A Response to “Options Increase as Google Enters the Education Market”

I have paid attention to the work of Andrew Marcinek for some time, and have even quoted him at presentations.  On January 3rd, Edutopia printed an article by Mr. Marcinek, and it was tweeted out this morning (January 6th).  Perhaps it is because we are having what will be the coldest day of the year (perhaps even a decade), but the article really caught my attention this morning.

You can find the full article here:


It is clear from the title that the article is about Google and its products in education, but there are aspects in the article that I need to question.

In the event that you won’t read this full post, let me just summarize them before I begin:

  1. We have to abandon this “kids have to be able to type to write papers” philosophy of integration.
  2. If students have open access to devices, there is no way they are going to not install every game in the Google Play Store.
  3. I would like to know what the sample size was when “students preferred” is used.
  4. PARCC is referenced in the article, but what about P21?
  5. I am tiring of technology initiatives that are failing to consider the arts and electives as a device is chosen.
  6. The “Age Appropriate Device” philosophy threatens usability in the electives and the arts.
  7. And ultimately, I am afraid of the impact that columns like this have on fellow administrators, IT leaders, educators not currently in a technology initiative, and the general public.

This past year, Google made incredible gains with its Chromebook, and experts are widely stating that the growth is mainly due to education.  In general, individuals and businesses are not flocking to the Chromebook, but education has.  And it is clear why:

  • Price (you can buy two or more Chromebooks for the price of one iPad)
  • Management (easy set-up, central management, and CONTROL of the devices)
  • GAFE – Google Apps for Education (Free e-mail and web services, even providing 30 GB per student)
  • Generally virus-free
  • Keyboard

These are all good things, and there is no doubt that setting up iPads is an intensive process; setting up Windows 8 devices and Android devices (other than the Nexus 7 which was the subject of Marcinek’s article) is just as intensive.  All of these other devices need to create a better system for initializing devices in the educational setting, and need to add additional tools for management.  I give Chromebooks all the credit in the world for their setup and management.

The arguments for keyboards is questionable; some studies have shown that students type faster on an iPad than on a keyboard; and schools in general have eliminated keyboarding classes and even the majority of business departments!  As I have said before, if typing is so important, then why isn’t keyboarding a standard which students need to meet to graduate from high school?

Furthermore, to use GAFE as a basis for any platform is erroneous, as GAFE works well on Chromebook, Mac, Windows, and even the iPad versions of GAFE are working better than ever (Google itself has placed huge resources into their iPad apps).  Ironically, it is Google’s own Android platform that currently has the worst interaction with GAFE.  Secretly, even though Google has introduced the Nexus 7 with education-specific tools, I think that they have doubled-down on their Chromebook strategy in education.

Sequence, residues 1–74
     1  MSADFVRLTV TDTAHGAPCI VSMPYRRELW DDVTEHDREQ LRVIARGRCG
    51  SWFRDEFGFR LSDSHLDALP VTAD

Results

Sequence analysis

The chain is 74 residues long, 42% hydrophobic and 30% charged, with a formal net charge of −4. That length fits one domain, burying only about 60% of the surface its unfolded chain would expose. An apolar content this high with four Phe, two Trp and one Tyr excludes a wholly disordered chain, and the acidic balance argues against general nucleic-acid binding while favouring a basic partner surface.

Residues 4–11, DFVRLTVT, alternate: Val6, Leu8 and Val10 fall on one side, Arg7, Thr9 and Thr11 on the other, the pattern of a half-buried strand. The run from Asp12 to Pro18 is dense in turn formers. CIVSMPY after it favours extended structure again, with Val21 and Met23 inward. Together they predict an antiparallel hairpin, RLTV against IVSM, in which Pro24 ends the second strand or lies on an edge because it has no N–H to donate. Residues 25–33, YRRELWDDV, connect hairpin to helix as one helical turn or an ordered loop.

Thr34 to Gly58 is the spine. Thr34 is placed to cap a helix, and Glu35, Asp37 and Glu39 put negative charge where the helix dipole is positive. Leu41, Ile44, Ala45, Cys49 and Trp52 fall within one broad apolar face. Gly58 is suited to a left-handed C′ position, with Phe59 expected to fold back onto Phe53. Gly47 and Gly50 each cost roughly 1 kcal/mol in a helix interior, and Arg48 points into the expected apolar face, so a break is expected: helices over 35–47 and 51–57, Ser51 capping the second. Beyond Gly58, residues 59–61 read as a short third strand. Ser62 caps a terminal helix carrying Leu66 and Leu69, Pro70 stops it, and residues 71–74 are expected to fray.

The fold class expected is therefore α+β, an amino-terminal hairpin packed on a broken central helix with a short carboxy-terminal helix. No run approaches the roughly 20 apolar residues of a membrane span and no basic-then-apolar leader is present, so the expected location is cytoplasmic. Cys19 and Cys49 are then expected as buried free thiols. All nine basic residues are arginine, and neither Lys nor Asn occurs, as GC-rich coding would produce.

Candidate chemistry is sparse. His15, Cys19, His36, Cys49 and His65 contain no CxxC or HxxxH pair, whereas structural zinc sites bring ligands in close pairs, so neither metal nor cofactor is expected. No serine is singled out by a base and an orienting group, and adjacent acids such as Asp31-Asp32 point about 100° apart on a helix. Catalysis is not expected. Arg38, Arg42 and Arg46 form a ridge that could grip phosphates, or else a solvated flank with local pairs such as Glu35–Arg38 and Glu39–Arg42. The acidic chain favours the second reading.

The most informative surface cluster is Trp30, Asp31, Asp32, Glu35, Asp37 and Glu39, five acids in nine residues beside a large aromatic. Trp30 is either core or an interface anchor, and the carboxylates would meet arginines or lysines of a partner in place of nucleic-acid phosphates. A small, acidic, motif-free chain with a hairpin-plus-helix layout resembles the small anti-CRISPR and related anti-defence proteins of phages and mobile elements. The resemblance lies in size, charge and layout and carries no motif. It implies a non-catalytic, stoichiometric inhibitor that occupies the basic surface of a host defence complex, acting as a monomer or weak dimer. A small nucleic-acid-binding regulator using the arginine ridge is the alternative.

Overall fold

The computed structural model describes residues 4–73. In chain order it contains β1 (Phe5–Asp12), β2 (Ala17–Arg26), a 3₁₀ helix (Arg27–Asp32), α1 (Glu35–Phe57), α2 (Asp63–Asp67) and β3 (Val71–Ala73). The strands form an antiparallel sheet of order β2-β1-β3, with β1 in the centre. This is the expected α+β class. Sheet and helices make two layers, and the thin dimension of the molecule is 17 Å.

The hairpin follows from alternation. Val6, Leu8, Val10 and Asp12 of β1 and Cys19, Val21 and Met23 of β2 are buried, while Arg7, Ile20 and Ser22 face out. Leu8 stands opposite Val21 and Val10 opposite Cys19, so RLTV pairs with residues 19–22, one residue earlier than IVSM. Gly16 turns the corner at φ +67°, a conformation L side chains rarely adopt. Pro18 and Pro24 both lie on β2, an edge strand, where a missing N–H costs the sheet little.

Some Chromebook supporters get angry when you state that one of the reasons (main reasons) you choose a Chromebook is price; but this is an undeniable reason why many schools choose the Chromebook.  Schools are completely focused on budgets.  If Chromebooks were the same price as an iPad, would they still choose the Chromebook?  And if the Chromebook were more expensive than a MacBook (such as the Chromebook Pixel) would schools buy it?

Marcinek argues that Chromebooks and GAFE are a great combination for the new standards of PARCC, which is a partnership focused on college and career readiness.  I have been a part of a brand new high school that took college and career readiness very seriously as we created the vision for the school–and there is no doubt that data suggests that a majority of students are not college ready as they enter college.  At one point in the recent past, only 33% of Minnesota students (and Minnesota is considered to have a good educational system) that entered a four year college ever graduated with a four year degree.  Now…not everyone will earn a four year degree or pursue traditional college, but still…only a third graduate?  So, yes, college and career readiness is important.  And Chromebooks certainly can be used as a tool in that process, but so could any technology platform.

I would also encourage Marcinek to consider the P21 partnership, which considers the essential skills needed in the 21st Century, and as things stand, Chromebooks simply cannot be used to meet those skills in all subject areas, where other devices (iPad, Windows, and Mac) could.  But then again, these other devices (usually) require a more significant capital investment and time investment in terms of distribution and maintenance.

Next, Marcinek describes how they decided to examine Android implementation alongside their Chromebook implementation.  Several middle school and high school students were allowed to play with the Nexus 7 (Google’s own Android device, which has some education-specific tweaks).  However, what we are not told is how the students were chosen, how many students were involved, and if the students had iPads previously.  The conclusions from the students were: